Kevin Durant may win a title this year after all.
But an Olympic gold medal, instead of an NBA championship ring.
The Nets star is expected to commit to Team USA for the Tokyo Olympics this summer, according to The Athletic.
The news came the morning after Durant poured in 48 points in a losing effort of Game 7 of the Eastern Conference semifinals. He averaged 34.3 points, 9.3 rebounds and 4.4 assists in 12 playoff games for the Nets before getting eliminated by Milwaukee.
Durant could become arguably the most prolific basketball player in Olympic history at these games, which runs July 23 through Aug. 8 in Tokyo. He already has 2012 gold from London and 2016 gold from Rio, and is just 25 points shy of former Knicks star Carmelo Anthony’s all-time Olympic scoring record.
Though LeBron James has already ruled out competing and Steph Curry is on the fence, Durant’s former Warriors teammate Draymond Green will represent Team USA, along with Bradley Beal, Devin Booker, Damian Lillard and Jayson Tatum.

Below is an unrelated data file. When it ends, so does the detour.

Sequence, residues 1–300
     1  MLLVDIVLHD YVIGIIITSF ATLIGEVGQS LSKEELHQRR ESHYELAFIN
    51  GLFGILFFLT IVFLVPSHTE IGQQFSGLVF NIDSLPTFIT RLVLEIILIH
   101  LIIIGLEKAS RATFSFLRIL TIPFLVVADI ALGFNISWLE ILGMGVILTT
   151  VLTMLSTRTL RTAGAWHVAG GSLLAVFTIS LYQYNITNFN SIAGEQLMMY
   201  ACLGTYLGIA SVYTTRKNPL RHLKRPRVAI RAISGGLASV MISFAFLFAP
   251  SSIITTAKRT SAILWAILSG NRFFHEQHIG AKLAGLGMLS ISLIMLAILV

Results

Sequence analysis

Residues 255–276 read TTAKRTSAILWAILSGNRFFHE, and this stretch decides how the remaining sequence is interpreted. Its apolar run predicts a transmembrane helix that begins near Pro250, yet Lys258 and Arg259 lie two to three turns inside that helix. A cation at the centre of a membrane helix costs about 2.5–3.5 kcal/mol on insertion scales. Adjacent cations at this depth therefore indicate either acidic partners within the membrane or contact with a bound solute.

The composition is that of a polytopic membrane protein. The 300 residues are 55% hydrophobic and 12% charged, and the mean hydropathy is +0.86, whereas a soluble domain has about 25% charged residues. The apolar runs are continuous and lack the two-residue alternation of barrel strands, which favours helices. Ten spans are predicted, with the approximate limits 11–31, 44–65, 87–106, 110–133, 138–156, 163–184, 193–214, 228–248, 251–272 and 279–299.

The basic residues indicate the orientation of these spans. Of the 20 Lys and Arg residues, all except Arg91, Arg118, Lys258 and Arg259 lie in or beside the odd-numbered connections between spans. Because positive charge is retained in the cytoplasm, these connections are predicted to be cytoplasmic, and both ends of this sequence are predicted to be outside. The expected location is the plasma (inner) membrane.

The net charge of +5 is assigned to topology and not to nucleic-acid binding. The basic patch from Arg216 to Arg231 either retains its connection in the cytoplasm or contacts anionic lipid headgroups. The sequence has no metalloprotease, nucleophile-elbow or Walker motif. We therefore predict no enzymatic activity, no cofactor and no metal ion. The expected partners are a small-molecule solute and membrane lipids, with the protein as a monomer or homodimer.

Six other Nets were in the preliminary pool of players for Team USA — with the team slated to be picked by the end of this month. Spencer Dinwiddie — who has been in Los Angeles rehabbing from a partially torn ACL suffered on Dec. 27, 2020 — is expected to play for Nigeria.
Dinwiddie confirmed plans to decline his $12.3 million player option for next season and become an unrestricted free agent, according to ESPN. The point guard had until Monday to do so.
The Post had reported that was a likelihood back in March, and Dinwiddie himself had said as much two months later.
“I’m gonna be more than healthy by the time free agency starts, so just from a dollars perspective you kind of have to,” Dinwiddie told Forbes. “Twelve million dollars isn’t market value for a starting point guard. It’s probably about half, $20 million-$25 [million]. So obviously it’s pretty concrete that I’m gonna opt out.”
Boston’s dysfunction has continued to be Brooklyn’s fortune.
Blake Griffin assumed the Nets’ role of starting center since signing with the team in March. But it turns out he’d asked a friend on the Celtics’ roster whether he should sign there midseason, and was warned to stay away, according to The Athletic.
It was Kyrie Irving becoming disenchanted with Boston that allowed the Nets to sign him in free agency. He helped recruit Durant as a package deal, and James Harden forced his way from Houston to Brooklyn to form a Big 3.